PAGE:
Last Saturday Hardcore Dharma wrapped up its study of Zen Mind: Beginners Mind by Shunryu Suzuki A contentious read!  Some folks loved its experiential wisdom (I certainly found reading the book to be a mindfulness practice in and of itself, requiring my utmost attention).  Some folks found it overly “big-minded,” ultimate-reality focused and vague.  I did find the experience I look forward to in reading a dharma book; that is the “I understand, I agree and I feel better” emotional process was missing.  “Where are you when I need you, Jack Kornfield,” I lamented.  

Yet at the same time I found myself confronting my relationship to my meditation and dedication to Buddhism fairly deeply.  While sorting through Shrunyu Suzuki’s ideas of having no gaining ideas, no expectation of outcome, his reminder to think of Buddhism as “nothing special,” I came face to face with my true tendency to often use meditation and mindfulness as lotion for the irritation of my mind.  I found that often, instead of coming to the meditation practice as a way to calm my mind so that I could explore reality more deeply, I often came to “fix” my mind.  To calm me down, to get me to work, to get me focused, to bring about artistic catharsis, to avoid smoking a cigarette and so forth.  Like so many balms that I employ in my life: yoga, baths, a glass of wine, running, I had started to use meditation as “mood management.”  I started to use it towards self-improvement.  I mean, meditation is good for you.  Listen to Alan Wallace speak and you’ll get pumped to devote the next three years of your life to attaining the ninth stage of Shamatha.  And what’s the problem with that?
Reading ZMBM I came to the conclusion that the problem is not that you think meditation is going to be good for you, improve you as a person, an artist, a lover a friend.  The problem is that in order to see the illusory nature of our beliefs, its essential to let go of these ideas of improvement.  I know that’s what Suzuki Roshi is saying, but it made sense to me, for the first time again, this week.  Going into meditation in order for it to calm me down pits myself against myself.  Going into meditation accepting the momentary, flawed state of my mind and reality and not try to change it, to rather simply be curious about it, allows me to be in the present moment.  Because the greatest struggle in my sitting practice recently (and I know for many people this has got to be true) goes like this:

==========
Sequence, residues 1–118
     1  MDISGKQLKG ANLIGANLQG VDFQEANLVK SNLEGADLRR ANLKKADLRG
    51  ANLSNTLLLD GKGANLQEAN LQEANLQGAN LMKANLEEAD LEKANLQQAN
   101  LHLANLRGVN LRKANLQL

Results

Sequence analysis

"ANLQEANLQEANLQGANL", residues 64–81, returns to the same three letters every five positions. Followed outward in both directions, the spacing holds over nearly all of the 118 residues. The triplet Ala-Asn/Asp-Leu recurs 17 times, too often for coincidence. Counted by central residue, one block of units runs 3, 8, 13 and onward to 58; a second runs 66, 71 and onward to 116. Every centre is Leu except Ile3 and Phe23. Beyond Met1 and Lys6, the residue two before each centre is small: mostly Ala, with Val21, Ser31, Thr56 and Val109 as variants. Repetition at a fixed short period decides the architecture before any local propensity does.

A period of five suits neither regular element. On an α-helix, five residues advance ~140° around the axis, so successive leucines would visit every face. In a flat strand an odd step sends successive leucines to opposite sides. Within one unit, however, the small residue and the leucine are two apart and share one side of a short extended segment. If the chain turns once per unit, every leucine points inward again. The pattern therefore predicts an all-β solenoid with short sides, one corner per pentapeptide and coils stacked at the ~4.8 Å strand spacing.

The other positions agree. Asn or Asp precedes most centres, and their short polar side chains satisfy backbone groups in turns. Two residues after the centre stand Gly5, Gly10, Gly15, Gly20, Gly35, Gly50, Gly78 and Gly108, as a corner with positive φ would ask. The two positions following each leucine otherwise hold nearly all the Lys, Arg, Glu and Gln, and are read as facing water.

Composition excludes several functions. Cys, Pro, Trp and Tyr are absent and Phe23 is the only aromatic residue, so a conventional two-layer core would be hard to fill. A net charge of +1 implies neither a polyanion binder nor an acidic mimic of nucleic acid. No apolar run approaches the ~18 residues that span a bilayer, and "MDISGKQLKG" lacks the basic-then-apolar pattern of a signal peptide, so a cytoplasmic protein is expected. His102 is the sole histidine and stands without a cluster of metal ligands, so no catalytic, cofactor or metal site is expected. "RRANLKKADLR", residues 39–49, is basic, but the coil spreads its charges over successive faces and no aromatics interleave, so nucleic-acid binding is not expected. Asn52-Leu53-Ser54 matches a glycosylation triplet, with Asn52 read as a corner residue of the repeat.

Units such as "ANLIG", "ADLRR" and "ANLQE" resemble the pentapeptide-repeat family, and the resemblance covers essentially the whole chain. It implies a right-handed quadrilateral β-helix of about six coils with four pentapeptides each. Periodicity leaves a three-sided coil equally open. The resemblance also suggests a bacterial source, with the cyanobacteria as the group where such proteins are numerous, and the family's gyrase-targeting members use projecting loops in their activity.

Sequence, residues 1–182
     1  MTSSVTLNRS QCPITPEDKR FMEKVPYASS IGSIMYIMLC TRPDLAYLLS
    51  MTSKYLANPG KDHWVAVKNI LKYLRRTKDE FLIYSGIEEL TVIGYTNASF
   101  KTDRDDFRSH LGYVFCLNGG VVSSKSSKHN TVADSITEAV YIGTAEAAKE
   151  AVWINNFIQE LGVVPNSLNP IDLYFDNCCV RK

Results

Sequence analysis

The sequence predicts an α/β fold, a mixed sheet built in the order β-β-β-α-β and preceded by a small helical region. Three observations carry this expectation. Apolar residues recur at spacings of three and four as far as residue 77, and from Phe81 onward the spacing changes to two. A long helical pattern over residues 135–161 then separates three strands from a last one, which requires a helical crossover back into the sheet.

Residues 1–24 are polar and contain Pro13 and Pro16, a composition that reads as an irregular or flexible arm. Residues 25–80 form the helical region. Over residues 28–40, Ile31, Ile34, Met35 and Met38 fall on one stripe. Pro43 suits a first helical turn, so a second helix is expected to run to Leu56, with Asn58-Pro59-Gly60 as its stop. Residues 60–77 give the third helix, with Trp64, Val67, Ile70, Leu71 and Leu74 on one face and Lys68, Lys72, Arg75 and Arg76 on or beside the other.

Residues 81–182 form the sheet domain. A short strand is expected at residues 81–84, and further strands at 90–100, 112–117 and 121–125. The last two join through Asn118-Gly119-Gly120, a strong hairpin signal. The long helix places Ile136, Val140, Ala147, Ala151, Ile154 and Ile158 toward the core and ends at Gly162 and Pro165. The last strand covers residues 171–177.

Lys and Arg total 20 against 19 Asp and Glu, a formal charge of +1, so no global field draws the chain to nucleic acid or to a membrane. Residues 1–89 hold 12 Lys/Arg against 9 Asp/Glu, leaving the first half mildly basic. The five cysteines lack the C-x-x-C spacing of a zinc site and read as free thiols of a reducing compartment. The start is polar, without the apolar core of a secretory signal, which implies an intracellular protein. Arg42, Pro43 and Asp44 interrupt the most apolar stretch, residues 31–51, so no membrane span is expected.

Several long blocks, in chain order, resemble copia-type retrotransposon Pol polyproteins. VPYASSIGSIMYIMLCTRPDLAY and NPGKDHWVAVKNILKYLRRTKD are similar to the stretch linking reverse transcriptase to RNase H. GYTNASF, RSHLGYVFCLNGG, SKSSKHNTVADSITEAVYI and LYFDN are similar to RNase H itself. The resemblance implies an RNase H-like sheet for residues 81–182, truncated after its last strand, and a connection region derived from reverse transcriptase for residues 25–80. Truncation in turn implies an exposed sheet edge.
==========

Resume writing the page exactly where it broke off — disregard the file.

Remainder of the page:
Non-verbal breath focusing. 
Thought 1: I am going to feel so much better/ be super productive once I can really learn how to do this all the time.
Thought 2: Stop thinking, Julia, you just said you were going to feel much better when you learned how to experientially focus on the breath and now you’re thinking. 
Thought 3: Don’t chastise yourself Julia, just get back to the breath.  Discipline!
Non-verbal breath focusing. 
Thought 4: See, Julia, that’s so much better.  If only you could learn how to do that all the time you would be so much smarter/more productive. 
Thought 5: Ai Chihuahua, Jules!  Stop thinking.  You’re thinking. Stop thinking. You’re thinking.  Oh, honey, please, please please stop thinking …. 
And on and on. 
Here’s a quotation that particularly interested me in ZMBM:

“I discovered that it is necessary, absolutely necessary, to believe in nothing.  That is, we have to believe in something which has no form and no color – something which exists before all forms and colors appears.  This is a very important point.   No matter what god of doctrine you believe in, if you become attached to it, your belief will be based more or less on a self-centered idea.  You strive for a perfect faith in order to save yourself.  …In constantly seeking to actualize your idea, you will have no time for composure.  But if you are always prepared for accepting everything we see as something appearing from nothing, knowing that there is some reason why a phenomenal existence of such and such form and color appears, then at that moment you will have perfect composure.”

I see this idea of “perfect composure” as resting completely in the present moment, and “believing in nothing” to mean that we must accept the utter emptiness and interdependence of every single moment of our lives.  In that because all nature and nurture converge to create our present moment in its appreciable specificity, it is only when we completely let go of our ideals, let go of our ideals about reality, about relationships, about who we are, what we’re capable of, of our opinions and practices, our senses of humor and pride, it is only when we let all that identification go that our Buddha Nature is revealed.  Because you can’t experience Buddha Nature and hold on to delusion at the same time.  It is through believing, having faith, in that nothing that we find the real, non-delusional substance of experience.  
Those were my thoughts on this week.  You guys?

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